The opinions expressed in previous entries may or may not express the current opinion of the author.

Sunday, September 12, 2010


Various disparate phenomena ....

Chloe comes toward me with an admiring You're-My-Hero look whenever I drive George away.

I've discovered that the source of energy is in the belly and not the chest.  Also that horses accelerate when they're driving other horses off.  When they plan a friendly approach, they keep a constant speed.  So George is standing at the fence, and I ask him to move back with the fire-in-the-belly accelerated approach.  It works. But he then turns around and drives all the mares away. Not the reaction I want.

I wake up Saturday morning with a start, having a dream image suddenly in my mind of Bridget chasing a large venomous snake out of the horses' field. Later, I realize - Bridget is the patron saint of Ireland, the land whence St. Patrick banished all snakes. My previous entry referred to Paradise, a time and place before snakes were bad. And KFH in What Horses Reveal talks about how the serpent represents the dark side of the horse.

I take George out to graze and ask him to stand still and do nothing (something both Widdicombe and KFH set store by).  He finds it hard, as he wants to get to the grass.  While grazing, every now and then I ask him to get up and move a little. It gets easier as we go along. After getting back into the pasture, before removing the halter, I ask him to be still, as he is squirrelly because Chloe is nearby and he might need to go chase her.  All of a sudden, it clicks, he gets it, he relaxes and sighs. I remove the halter. A little later I return to the field. George marches over, plants me in the quiet spot next to him, and stops. Is he saying, "This is it, right?"

Bridget gets into my space unasked.  But she will get out of it at the slightest request. I don't think you do need to prevent a horse from coming into your space unasked. Would I want George not to feel he could come over and put me into the good spot? It's the motivation that counts. If they come in peace, they don't need permission. If they don't come in peace, they can't come at all.

More synchronicity:  On Friday morning, as I ate breakfast, I read in Widdicombe's book:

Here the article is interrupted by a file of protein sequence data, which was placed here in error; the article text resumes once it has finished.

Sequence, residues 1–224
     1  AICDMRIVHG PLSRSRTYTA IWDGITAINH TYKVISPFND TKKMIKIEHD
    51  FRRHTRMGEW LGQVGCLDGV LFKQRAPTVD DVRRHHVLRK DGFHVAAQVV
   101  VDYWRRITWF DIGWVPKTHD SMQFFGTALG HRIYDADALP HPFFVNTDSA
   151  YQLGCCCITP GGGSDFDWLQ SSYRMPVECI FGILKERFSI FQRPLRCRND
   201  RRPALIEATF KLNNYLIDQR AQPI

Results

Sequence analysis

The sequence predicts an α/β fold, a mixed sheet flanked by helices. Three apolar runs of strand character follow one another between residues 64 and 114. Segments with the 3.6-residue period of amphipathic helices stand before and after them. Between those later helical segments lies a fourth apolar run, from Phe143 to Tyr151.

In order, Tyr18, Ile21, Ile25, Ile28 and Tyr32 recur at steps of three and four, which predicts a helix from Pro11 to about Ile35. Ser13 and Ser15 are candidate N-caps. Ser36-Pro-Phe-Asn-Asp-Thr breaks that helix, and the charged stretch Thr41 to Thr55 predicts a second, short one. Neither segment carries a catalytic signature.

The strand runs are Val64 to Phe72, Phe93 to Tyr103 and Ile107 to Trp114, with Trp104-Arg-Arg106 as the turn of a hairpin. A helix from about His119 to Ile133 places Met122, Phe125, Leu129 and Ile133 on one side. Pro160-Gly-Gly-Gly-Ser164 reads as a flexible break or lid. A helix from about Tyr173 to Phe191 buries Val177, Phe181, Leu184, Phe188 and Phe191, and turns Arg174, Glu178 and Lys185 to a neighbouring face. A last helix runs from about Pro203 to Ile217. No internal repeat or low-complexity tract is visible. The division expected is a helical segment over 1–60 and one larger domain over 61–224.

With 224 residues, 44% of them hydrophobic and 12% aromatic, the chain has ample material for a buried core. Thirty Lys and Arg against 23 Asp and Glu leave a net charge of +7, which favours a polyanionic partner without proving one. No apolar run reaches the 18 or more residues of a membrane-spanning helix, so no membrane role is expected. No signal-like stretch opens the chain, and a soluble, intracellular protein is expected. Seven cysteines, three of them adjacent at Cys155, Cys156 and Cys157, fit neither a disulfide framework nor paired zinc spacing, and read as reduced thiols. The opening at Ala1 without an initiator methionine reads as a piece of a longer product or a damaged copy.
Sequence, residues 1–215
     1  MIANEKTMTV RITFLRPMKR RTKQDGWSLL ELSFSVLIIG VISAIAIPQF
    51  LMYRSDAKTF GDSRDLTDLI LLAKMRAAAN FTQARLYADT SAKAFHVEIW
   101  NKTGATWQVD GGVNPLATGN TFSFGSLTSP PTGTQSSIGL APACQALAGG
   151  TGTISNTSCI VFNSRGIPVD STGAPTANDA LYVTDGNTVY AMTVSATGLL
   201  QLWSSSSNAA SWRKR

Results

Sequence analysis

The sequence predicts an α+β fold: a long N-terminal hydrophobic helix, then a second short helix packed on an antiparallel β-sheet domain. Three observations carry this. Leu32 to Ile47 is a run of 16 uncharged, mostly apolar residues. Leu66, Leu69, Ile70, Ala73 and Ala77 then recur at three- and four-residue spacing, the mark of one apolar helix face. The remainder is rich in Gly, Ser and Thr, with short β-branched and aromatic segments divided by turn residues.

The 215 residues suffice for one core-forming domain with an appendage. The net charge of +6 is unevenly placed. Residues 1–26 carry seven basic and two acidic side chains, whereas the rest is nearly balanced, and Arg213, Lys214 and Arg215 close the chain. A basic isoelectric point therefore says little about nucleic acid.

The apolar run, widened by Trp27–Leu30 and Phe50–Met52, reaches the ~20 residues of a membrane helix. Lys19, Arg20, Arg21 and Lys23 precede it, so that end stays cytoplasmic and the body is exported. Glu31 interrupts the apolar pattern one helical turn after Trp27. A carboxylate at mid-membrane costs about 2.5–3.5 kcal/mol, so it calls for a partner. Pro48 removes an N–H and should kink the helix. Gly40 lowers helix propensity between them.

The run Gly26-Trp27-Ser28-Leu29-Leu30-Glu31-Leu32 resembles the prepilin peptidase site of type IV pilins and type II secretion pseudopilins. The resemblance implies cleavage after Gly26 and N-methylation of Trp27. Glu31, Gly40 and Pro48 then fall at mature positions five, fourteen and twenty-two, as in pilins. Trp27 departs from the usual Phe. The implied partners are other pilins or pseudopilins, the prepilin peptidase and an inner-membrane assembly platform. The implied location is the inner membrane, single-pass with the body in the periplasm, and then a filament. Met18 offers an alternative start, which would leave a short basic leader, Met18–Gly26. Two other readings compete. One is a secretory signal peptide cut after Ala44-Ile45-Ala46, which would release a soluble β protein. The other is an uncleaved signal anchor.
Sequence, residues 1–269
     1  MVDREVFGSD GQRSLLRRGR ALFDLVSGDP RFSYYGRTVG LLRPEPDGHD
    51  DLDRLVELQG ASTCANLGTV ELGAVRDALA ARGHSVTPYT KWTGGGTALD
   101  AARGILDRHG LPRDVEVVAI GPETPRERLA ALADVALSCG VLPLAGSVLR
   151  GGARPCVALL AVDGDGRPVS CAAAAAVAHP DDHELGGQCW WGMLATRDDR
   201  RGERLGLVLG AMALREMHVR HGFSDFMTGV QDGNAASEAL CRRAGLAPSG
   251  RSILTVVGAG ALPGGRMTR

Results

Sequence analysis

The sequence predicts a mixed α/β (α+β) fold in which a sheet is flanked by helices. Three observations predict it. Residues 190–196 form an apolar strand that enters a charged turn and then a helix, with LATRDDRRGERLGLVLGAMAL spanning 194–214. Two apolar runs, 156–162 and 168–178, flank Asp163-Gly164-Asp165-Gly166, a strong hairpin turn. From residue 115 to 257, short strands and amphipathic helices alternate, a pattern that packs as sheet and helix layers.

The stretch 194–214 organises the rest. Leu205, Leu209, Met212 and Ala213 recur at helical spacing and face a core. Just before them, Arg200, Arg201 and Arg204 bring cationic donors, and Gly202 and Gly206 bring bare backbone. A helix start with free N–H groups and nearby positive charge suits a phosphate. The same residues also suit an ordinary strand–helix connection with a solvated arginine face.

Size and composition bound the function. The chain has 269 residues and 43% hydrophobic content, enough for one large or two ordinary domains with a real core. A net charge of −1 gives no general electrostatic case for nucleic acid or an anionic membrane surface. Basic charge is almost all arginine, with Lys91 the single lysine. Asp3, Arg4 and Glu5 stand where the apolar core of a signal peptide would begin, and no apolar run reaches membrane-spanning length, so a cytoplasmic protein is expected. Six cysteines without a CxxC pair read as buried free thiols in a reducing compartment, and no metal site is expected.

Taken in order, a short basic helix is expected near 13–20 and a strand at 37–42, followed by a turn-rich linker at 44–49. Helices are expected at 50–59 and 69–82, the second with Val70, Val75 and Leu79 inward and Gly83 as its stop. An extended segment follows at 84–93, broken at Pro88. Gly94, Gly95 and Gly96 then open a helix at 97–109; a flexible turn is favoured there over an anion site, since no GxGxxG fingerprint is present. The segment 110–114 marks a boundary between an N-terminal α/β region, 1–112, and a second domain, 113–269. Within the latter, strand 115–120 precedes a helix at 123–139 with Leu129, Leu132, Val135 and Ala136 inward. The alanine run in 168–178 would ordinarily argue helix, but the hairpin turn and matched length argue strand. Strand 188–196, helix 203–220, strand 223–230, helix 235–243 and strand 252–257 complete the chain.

At the point when you realize that you are the main project, then the real work and the real progress begins. (p. 148)
  and then a little while later at daily mass, the following Gospel was read:
Can a blind man lead a blind man? Will they not both fall into a pit? A student is not above his teacher, but everyone who is fully trained will be like his teacher. How can you say to your brother, 'Brother, let me take the speck out of your eye,' when you yourself fail to see the plank in your own eye? You hypocrite, first take the plank out of your eye, and then you will see clearly to remove the speck from your brother's eye. (Luke 6:39-42)
I think George needs my help. But I can't help him if I'm blind. What am I asking him? For whose benefit? How can I recognize it? He's taught me about his quiet spot. He put me there the other day when he wanted me to calm down. I have to teach him about my quiet spot - his head near me, being still. He needs to know this is an option.

When I first started working with George - when my friend still owned him - I was conscious of not quite trusting him and that this was connected to the fact that he didn't quite trust me. The mares do not trust George, and his lack of trustworthiness reflects his lack of trust in them.

Saturday, I took him out again to graze. Several times I asked him to be quiet, even though he wanted to move or eat. I realized that he has two ways of shoving his nose at me - one is impatient and frustrated:  I didn't let him do that. The other was a softer gesture - a connecting gesture of acquiescence, when he was ready to quiet down. It's ok for him to come into my space like that.

I think it's better to work on chilling out like this - asking him to stand by me peacefully - than to ask him to work around food. I need to be clear about what I'm asking, and he needs to be clear about what I'm asking.

After George's turn, I took Bridget out, and he had to move aside to let her in when we returned. He moved fairly soon after we got into position. After we were through the gate, he came back and inserted himself between Bridget and me, her leadrope actually going over his neck. She pulled back and was all for running away, but I stood my ground, and George came to a non-threatening halt, allowing Bridget to settle. Then I brought Chloe in through the gate; George moved aside very quickly and, despite of a bit of an evil look, allowed Chloe some space.

On Friday, George and Chloe were grazing in the top field and spotted me in the distance, working in the yard. They stopped, fixated on me, and had a rest:
Chloe is fond of George, although she doesn't like to get too close to him. She and Bridget are the most mutually trusting pair combination.

When George bit me, I was asking him to do something he'd done before, to work on something which is good for us to work on. But .... I was asking him to do it in the wrong situation, when there was pressure on him. I'm sure I'll make mistakes like that again. So I'm still not sorry I tried to kill him at the time.
These wounds I had on Crispin's Day ...


  1. Ouch, ouch, ouch!

    On another note, I like this reciprocity between you and George.

  2. Which reciprocity? The one where he bites me and I try to kill him, or the one where we try to quiet each other down .... ?!